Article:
In March 1912 A. N. Whitehead wrote a letter which sheds new and important light on his own view of his mathematical goals. In this article I publish the letter for the first time and relate its contents not only to his mathematical career but also to his scientific, philosophical and educational interests.
The article by Mr. David L. Miller, called ‘Purpose, Design and Physical Relativity', in the July 1936 issue of Philosophy of Science, consists mainly of a commentary on the development of Whitehead's thought from the Enquiry Concerning the Principles of Natural Knowledge to Process and Reality. Now most criticisms of Whitehead so far published have been from realists of the anti-metaphysical Cambridge school, complaining that his later works retract the teaching of his earlier works on the philosophy of natural science; (...) and this complaint is raised quite unjustly, because a careful reading of the earlier works will show that there is nothing in them that precludes the logical possibility of a metaphysics of nature such as Whitehead expounded later. We should be grateful for any comment on Whitehead which does not repeat this hoary error. But unfortunately two opposed misinterpretations do not together make a correct interpretation. The opposite distortion of Whitehead is effected by those readers who, having found that the earlier books showed genius but were, alas, too much under the influence of ill-advised realist dogma, proceed to construe the succession of later books as the gradual self-correction of the great man towards a mature judgment which is in full accord with the reader's own. Of this distortion, I am afraid, Mr. Miller has given us an example. (shrink)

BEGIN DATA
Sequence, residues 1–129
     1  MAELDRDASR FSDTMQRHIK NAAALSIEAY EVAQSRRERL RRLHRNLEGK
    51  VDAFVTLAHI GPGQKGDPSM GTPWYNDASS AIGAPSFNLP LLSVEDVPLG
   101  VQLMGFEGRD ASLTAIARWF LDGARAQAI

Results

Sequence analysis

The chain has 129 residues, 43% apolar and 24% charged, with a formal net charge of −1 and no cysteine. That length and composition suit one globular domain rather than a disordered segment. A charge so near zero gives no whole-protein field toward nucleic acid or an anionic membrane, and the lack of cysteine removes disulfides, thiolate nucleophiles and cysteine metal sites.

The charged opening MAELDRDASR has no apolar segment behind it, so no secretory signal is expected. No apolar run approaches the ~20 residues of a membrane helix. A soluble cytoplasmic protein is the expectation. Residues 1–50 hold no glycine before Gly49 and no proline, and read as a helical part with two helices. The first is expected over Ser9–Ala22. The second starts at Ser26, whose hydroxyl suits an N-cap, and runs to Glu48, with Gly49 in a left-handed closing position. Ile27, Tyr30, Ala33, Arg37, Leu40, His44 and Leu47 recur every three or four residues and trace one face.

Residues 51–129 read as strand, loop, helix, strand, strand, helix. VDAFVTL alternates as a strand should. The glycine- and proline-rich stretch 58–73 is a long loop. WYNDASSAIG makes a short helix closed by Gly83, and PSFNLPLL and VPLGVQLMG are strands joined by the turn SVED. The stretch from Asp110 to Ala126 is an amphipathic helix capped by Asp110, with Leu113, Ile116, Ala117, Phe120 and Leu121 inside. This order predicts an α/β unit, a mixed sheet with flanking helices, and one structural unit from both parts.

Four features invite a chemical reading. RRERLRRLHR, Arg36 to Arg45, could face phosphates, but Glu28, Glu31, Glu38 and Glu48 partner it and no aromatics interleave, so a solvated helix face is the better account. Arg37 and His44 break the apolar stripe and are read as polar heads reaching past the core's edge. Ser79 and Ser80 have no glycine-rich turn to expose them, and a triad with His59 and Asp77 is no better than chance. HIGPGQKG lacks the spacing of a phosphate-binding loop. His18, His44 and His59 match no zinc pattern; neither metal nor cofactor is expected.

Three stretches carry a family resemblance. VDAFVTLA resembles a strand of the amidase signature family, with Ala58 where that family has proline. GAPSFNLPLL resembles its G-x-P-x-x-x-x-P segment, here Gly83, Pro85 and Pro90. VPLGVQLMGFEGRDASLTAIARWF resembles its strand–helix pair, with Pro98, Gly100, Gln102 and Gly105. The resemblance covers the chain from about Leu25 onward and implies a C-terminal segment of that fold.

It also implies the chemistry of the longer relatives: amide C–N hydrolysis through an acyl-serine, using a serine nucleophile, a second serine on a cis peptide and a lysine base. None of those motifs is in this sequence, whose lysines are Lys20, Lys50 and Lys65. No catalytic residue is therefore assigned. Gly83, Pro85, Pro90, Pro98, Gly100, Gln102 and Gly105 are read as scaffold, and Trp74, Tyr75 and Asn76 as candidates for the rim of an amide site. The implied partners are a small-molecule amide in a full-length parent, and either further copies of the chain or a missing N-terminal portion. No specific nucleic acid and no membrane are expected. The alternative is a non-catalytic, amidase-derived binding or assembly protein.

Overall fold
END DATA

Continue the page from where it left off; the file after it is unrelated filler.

In 1933, as fourth Carus Lecturer, he expounded the view that the things of value in the history of philosophy are not the reasonings of the philosophers, but their imaginative visions of the universe and man's place in it; and he urged the philosophers of today to give the earth to the scientists, hand over the quest for certainty, and deliberately, "with right good will," undertake to explore the wide ocean of possibility. The present elaboration of those lectures into an (...) appreciative, yet critical, account of Varieties of Speculative Thought in the West from the Greeks to Bergson--so runs the book's subtitle--is first of all a fine presentation of most of the great visions that have been achieved by Occidental thinkers. In the discussion, Montague's own lively vision of man and the universe is brought out. (shrink)